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Determinants of inappropriate complementary feeding practices in young children in Nepal: secondary data analysis of Demographic and Health Survey 2006
Authors: Nira Joshi, Kingsley E. Agho, Michael J. Dibley, Upul Senarath, and Kalpana Tiwari
Source: Maternal and Child Nutrition, 8(s1):45–59, DOI: 10.1111/j.1740-8709.2011.00384.x
Topic(s): Child health
Children under five
Country: Asia
Published: JAN 2012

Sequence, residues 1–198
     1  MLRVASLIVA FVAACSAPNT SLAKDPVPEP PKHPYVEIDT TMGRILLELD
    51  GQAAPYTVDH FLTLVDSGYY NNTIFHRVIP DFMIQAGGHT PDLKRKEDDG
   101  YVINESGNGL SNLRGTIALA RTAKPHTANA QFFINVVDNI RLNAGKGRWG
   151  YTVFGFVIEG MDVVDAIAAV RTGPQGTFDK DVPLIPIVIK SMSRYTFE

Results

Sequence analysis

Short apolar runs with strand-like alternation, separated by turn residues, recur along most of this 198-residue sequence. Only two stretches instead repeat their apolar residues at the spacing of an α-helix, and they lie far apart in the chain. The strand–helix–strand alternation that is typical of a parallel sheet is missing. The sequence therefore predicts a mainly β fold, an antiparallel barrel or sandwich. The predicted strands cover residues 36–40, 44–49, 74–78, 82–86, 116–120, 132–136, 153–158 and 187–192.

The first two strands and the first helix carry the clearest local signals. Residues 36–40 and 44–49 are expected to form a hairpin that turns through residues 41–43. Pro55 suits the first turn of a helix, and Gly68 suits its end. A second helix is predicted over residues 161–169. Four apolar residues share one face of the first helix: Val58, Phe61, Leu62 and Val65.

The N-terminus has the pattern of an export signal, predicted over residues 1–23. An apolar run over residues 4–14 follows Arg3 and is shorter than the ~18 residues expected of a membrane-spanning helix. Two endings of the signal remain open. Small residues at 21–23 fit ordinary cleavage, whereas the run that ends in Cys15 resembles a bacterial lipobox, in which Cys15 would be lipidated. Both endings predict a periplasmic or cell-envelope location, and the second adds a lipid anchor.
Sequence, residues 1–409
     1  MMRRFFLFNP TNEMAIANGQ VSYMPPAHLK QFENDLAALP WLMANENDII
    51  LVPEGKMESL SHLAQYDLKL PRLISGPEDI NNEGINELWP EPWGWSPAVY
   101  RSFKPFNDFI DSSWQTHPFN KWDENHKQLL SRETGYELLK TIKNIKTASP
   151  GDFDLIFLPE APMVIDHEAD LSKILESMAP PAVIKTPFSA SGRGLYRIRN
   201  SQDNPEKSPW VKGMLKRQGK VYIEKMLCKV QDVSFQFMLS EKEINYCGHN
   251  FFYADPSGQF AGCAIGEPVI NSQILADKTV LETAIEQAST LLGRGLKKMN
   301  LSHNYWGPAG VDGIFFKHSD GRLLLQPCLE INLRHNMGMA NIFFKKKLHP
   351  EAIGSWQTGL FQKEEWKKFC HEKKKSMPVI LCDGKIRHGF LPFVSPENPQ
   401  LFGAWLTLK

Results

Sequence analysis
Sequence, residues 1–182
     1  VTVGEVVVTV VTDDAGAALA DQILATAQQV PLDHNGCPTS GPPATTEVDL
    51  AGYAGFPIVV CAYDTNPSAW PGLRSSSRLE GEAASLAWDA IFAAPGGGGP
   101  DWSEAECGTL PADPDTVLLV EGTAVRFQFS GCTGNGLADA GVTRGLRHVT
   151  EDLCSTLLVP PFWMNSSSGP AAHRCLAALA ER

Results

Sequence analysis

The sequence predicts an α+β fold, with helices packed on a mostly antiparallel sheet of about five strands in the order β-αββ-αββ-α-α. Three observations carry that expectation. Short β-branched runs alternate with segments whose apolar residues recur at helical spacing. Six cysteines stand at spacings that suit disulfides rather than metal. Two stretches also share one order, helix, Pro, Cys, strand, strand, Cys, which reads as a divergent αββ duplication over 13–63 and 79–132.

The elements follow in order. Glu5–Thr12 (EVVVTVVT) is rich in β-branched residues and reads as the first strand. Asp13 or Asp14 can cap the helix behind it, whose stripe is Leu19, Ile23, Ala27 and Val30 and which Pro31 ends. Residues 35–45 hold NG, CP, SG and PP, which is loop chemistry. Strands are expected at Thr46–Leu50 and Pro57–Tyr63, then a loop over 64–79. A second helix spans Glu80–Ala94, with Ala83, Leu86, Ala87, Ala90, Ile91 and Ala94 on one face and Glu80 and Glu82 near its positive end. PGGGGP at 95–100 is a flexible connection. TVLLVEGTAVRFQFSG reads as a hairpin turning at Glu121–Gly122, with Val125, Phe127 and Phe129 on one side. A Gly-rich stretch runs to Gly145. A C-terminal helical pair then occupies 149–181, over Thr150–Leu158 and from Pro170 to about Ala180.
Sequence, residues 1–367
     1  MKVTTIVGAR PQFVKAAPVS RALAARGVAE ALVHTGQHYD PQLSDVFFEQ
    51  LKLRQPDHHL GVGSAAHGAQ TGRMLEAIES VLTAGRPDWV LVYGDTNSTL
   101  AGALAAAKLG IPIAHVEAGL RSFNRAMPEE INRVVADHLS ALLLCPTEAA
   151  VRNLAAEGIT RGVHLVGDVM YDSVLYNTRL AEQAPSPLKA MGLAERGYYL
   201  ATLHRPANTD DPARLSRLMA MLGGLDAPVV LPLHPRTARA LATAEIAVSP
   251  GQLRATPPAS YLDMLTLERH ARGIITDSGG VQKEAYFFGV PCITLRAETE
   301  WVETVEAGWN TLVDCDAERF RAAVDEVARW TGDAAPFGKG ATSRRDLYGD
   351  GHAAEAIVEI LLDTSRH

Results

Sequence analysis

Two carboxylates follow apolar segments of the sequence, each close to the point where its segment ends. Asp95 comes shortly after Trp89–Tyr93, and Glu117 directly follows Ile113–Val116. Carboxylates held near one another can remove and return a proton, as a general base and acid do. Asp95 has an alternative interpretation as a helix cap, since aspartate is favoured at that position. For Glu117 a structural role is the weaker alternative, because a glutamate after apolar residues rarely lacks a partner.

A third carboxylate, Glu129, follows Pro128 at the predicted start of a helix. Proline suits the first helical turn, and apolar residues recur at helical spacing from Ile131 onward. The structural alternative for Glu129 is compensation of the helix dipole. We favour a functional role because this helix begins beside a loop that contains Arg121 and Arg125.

Abstract: Keywords:complementary feeding;Infant and Young Child Feeding;dietary diversity;meal frequency;acceptable diet;South Asia Abstract Inappropriate complementary feeding increases the risk of undernutrition, illness and mortality in infants and children. This study uses a subsample of 1428 children of 6–23 months from Nepal Demographic and Health Survey (NDHS), 2006. The 2006 NDHS was a multistage cluster sample survey. The complementary feeding indicators were estimated according to the 2008 World Health Organization recommendations. The rate of introduction of solid, semi-solid or soft foods to infants aged 6–8 months was 70%. Minimum meal frequency and minimum dietary diversity rates were 82% and 34%, respectively, and minimum acceptable diet for breastfed infants was 32%. Multivariate analysis indicated that working mothers and mothers with primary or no education were significantly less likely to give complementary foods, to meet dietary diversity, minimum meal frequency and minimum acceptable diet. Children living in poor households were significantly less likely to meet minimum dietary diversity and minimum acceptable diet. Mothers who had adequate exposure to media, i.e. who watch television and who listen to radio almost every day, were significantly more likely to meet minimum dietary diversity and meal frequency. Infants aged 6–11 months were significantly less likely to meet minimum acceptable diet [adjusted odds ratio (OR) = 3.13, confidence interval (CI) = 2.16–4.53] and to meet minimum meal frequency (adjusted OR = 4.46, CI = 2.67–7.46). In conclusion, complementary feeding rates in Nepal are inadequate except for minimum meal frequency. Planning and promotion activities to improve appropriate complementary feeding practices should focus on illiterate mothers, those living in poor households, and those not exposed to media.